David Cameron opposed Argentinian President Cristina Fernandez de Kirchner’s attempt to present him with an envelope containing issues relating to the Falkland Islands at the G20 Summit in Mexico.
Argentinian officials named Cameron a “colonialist” as he refused to accept the envelope marked “Un Malvinas” to discuss the sovereignty of the islands and walked away from the Argentinian president on Tuesday.
The envelope contained 40 UN resolutions to the future of the islands and encouraged Argentina and Britain to discuss the Falklands, according to the Argentinian foreign minister Hector Timerman.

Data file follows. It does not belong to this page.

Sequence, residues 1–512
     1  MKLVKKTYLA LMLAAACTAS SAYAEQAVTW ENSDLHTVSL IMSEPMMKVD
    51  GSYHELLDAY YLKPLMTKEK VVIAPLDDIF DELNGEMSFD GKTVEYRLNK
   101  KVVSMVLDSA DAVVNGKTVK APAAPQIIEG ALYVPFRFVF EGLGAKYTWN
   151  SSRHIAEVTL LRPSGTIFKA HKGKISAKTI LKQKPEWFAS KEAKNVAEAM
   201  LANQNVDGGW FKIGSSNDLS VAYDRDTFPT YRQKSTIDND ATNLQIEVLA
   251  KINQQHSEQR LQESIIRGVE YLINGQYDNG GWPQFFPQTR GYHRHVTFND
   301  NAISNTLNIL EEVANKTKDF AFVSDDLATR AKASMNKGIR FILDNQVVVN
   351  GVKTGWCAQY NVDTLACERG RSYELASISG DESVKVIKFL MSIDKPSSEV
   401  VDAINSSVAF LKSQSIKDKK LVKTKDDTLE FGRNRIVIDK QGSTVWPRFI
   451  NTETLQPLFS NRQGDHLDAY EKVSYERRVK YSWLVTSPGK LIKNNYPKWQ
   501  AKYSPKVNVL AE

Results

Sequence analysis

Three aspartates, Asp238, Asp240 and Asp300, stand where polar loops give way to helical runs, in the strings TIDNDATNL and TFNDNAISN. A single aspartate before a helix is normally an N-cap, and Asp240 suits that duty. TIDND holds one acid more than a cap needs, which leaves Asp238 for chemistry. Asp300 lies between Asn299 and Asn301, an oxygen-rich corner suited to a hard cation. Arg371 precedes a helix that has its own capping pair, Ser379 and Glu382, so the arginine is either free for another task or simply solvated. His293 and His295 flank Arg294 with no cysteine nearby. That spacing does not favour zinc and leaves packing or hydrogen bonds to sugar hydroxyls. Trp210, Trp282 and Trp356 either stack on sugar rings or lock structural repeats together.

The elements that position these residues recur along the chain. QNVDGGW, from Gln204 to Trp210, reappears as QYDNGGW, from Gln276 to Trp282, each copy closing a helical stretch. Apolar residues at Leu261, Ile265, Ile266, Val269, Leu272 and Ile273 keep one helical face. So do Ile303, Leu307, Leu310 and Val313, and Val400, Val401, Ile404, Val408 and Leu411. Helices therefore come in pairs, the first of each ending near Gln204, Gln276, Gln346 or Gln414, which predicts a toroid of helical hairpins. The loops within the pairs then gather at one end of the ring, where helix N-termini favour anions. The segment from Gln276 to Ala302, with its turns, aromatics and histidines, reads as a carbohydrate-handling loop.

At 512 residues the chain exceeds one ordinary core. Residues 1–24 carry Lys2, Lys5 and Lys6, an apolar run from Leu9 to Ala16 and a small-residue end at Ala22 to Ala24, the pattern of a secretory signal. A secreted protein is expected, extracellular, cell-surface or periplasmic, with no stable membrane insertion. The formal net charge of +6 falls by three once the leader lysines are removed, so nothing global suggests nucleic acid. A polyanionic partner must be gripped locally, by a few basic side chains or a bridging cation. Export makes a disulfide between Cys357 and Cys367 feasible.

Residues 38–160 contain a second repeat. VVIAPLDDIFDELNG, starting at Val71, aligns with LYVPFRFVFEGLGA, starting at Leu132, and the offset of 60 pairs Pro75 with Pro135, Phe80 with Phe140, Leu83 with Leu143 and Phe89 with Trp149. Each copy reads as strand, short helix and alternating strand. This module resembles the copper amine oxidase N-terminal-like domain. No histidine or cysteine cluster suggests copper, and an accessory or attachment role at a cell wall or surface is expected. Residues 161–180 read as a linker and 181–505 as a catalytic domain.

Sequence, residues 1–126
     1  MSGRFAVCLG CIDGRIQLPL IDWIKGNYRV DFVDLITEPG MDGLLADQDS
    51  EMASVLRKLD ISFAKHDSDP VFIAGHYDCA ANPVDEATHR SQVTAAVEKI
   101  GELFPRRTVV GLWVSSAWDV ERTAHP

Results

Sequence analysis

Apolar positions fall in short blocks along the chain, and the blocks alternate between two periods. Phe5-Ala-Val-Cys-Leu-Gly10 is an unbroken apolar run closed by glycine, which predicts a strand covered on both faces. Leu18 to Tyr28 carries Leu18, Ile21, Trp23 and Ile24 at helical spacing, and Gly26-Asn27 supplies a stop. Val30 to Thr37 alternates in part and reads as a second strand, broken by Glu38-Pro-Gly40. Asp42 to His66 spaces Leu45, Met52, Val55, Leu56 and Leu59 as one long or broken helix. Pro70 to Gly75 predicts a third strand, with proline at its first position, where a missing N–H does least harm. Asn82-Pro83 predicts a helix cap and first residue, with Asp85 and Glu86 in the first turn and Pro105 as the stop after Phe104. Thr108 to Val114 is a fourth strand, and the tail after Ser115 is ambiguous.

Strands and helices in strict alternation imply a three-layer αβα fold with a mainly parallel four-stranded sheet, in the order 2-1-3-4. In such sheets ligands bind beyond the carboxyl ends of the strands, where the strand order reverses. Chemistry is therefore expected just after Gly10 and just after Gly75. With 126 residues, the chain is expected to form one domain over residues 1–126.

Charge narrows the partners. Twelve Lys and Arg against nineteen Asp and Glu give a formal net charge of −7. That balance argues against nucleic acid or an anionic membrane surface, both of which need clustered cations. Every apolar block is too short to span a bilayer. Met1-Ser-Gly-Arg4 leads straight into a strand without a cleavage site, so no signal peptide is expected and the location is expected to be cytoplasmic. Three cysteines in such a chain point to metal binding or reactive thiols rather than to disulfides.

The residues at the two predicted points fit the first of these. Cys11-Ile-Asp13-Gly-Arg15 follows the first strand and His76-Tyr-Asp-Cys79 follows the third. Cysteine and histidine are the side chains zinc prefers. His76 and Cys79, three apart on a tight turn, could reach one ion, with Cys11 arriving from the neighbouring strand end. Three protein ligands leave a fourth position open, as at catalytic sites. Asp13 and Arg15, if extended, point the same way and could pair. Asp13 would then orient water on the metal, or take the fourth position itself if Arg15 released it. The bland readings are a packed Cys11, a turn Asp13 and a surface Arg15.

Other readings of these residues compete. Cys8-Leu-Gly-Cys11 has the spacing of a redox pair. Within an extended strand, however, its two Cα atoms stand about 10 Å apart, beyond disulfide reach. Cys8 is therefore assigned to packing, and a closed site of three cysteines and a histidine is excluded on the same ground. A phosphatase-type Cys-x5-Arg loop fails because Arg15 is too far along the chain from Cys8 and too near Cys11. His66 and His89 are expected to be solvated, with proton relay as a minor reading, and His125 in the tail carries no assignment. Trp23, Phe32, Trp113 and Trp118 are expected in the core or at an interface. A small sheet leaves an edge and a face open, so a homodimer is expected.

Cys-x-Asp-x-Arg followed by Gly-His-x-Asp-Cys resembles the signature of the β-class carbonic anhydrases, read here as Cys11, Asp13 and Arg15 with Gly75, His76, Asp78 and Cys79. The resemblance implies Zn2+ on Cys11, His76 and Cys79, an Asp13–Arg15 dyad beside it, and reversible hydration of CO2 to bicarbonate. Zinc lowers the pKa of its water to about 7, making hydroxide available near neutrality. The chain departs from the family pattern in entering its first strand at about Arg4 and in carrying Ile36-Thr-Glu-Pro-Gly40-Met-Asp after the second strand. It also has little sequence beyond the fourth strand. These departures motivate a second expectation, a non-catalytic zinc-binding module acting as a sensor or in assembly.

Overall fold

Alberto Scoccimarro, the Argentine government spokesman, said: “The PM answered that he wasn’t going to talk about sovereignty and the President responded that she didn’t intend to talk about sovereignty either.”
Timerman criticised Cameron, claiming: “Britain continues to refuse to talk and what surprised me most was that David Cameron did not go to the decolonisation meeting on Thursday.”
Cameron, who was thereafter accused of disrespecting UN resolutions, claimed his refusal was due to Argentina’s attempted “media stunt” and “propaganda”. This view was reinforced as the clash occurred publicly and was recorded by TV cameras.
Downing Street aides said Cameron provided the president with a “clear and calm message” in which he stated: “I am not proposing a full discussion now on the Falklands but I hope you have noted that they are holding a referendum and you should respect their views.”
British officials backed Cameron in his refusal to accept the envelope.
Line Elise Svanevik